Last week, the Brazil National Museum burned. It is a tremendous loss, not only for Brazil, but for the world.
As I thought about the loss, it reminded me of the role of chance in history. Many of the artifacts of history are lost, found, and preserved by chance. The manuscripts of the Nag Hammadi library were found, of course, by chance, when two brothers were digging for fertilizer in Egypt. King Tut’s tomb may have only survived intact because of a rock slide. We know very little about the people who lived within the Amazon before Columbus because the Amazon destroys almost all remains, including skeletons.
I remember when I was applying to college that one college pointed out that we only know what people in the past have chosen to tell us. But this is also a bit simplistic. We also only know what has, by chance, survived.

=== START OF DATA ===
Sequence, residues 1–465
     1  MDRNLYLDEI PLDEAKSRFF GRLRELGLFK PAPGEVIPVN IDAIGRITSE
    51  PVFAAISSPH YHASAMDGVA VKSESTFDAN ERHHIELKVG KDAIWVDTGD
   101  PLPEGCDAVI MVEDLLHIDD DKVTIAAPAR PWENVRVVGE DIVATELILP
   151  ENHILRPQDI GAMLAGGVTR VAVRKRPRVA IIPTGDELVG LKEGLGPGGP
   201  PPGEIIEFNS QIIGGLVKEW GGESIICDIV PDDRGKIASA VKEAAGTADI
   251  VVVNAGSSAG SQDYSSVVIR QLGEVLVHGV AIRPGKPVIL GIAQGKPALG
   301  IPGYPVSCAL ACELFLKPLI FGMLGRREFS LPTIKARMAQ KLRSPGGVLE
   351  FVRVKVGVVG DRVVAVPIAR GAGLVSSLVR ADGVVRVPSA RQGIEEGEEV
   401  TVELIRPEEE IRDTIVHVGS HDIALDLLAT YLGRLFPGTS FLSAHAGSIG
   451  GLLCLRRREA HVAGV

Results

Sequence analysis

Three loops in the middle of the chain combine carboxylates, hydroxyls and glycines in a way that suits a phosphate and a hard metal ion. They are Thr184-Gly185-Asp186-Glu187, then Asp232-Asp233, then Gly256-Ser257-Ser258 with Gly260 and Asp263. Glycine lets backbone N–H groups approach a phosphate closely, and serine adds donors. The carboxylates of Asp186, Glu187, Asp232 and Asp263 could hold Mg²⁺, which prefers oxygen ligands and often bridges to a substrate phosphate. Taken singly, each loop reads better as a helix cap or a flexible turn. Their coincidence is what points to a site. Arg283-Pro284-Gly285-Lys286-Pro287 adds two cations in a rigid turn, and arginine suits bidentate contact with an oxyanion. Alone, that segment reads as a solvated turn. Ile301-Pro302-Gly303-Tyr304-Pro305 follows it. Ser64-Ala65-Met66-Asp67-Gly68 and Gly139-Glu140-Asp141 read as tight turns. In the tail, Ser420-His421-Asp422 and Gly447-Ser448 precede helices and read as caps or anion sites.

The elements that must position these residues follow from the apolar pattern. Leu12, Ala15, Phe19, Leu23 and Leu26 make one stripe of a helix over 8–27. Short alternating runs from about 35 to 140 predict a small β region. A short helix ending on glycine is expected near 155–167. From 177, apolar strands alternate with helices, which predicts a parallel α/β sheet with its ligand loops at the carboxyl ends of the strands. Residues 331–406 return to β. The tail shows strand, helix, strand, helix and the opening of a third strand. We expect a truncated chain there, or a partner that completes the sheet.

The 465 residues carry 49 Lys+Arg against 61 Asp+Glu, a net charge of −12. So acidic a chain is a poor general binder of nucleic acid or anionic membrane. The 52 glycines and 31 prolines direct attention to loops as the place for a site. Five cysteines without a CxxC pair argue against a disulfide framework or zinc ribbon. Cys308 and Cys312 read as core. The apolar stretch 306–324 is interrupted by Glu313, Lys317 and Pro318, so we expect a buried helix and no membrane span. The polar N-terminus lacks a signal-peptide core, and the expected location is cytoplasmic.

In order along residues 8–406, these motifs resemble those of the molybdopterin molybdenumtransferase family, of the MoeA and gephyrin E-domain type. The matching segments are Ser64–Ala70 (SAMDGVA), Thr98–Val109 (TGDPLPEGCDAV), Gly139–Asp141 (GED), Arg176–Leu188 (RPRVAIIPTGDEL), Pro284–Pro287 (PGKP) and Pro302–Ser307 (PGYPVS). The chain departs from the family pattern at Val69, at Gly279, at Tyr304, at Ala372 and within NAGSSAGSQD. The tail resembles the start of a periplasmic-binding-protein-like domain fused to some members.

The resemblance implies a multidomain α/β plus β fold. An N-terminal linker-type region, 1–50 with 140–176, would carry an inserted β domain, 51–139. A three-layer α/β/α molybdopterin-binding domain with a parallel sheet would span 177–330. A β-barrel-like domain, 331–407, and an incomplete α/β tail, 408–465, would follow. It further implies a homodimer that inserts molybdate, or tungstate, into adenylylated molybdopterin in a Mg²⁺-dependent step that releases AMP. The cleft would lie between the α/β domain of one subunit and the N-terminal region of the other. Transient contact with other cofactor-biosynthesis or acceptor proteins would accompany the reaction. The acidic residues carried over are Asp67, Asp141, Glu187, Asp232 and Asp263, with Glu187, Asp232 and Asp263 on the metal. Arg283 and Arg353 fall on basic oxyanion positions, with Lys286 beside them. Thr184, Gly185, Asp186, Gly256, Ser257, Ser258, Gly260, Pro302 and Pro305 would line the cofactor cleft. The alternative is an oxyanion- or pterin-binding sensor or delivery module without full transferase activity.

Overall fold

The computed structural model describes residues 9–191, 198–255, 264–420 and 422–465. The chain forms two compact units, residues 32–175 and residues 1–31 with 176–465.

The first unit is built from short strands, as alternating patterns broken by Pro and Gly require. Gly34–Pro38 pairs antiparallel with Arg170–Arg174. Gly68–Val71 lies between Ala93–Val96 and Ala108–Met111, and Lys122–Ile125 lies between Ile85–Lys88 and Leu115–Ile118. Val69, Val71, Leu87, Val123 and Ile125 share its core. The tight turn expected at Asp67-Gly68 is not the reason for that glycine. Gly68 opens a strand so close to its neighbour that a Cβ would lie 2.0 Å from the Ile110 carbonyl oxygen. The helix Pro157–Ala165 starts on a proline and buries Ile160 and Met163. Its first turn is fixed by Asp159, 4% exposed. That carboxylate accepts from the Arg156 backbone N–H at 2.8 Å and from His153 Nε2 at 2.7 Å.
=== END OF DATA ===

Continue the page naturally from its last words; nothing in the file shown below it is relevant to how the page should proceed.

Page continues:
Future historians and scholars will mourn the loss of the Brazil National Museum, not only for the artifacts contained but also for the building itself. The building was originally the palace of the King of Portugal. Future historians who wish to study that time period will no longer be able to go to the building itself and examine the structure. They will be forced to rely on other documentation, such as written records, photographs, and videos. These will, no doubt, yield much crucial information, but it is not the same thing as being able to examine the building itself.